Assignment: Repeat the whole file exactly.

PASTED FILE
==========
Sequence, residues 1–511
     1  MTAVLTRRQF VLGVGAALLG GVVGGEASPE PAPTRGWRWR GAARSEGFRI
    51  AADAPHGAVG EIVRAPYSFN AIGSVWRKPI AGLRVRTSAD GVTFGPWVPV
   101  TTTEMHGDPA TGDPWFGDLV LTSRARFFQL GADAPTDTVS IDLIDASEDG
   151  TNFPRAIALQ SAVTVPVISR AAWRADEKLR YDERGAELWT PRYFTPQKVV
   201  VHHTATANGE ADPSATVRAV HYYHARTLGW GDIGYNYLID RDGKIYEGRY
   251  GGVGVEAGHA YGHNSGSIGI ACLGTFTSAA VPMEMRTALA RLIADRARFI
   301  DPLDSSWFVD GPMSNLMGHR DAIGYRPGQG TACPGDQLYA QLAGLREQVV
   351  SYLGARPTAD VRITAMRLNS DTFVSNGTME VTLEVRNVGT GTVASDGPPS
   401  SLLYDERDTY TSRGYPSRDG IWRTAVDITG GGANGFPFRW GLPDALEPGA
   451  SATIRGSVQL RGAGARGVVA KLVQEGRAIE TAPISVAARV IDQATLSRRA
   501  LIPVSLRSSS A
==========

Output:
Sequence, residues 1–511
     1  MTAVLTRRQF VLGVGAALLG GVVGGEASPE PAPTRGWRWR GAARSEGFRI
    51  AADAPHGAVG EIVRAPYSFN AIGSVWRKPI AGLRVRTSAD GVTFGPWVPV
   101  TTTEMHGDPA TGDPWFGDLV LTSRARFFQL GADAPTDTVS IDLIDASEDG
   151  TNFPRAIALQ SAVTVPVISR AAWRADEKLR YDERGAELWT PRYFTPQKVV
   201  VHHTATANGE ADPSATVRAV HYYHARTLGW GDIGYNYLID RDGKIYEGRY
   251  GGVGVEAGHA YGHNSGSIGI ACLGTFTSAA VPMEMRTALA RLIADRARFI
   301  DPLDSSWFVD GPMSNLMGHR DAIGYRPGQG TACPGDQLYA QLAGLREQVV
   351  SYLGARPTAD VRITAMRLNS DTFVSNGTME VTLEVRNVGT GTVASDGPPS
   401  SLLYDERDTY TSRGYPSRDG IWRTAVDITG GGANGFPFRW GLPDALEPGA
   451  SATIRGSVQL RGAGARGVVA KLVQEGRAIE TAPISVAARV IDQATLSRRA
   501  LIPVSLRSSS A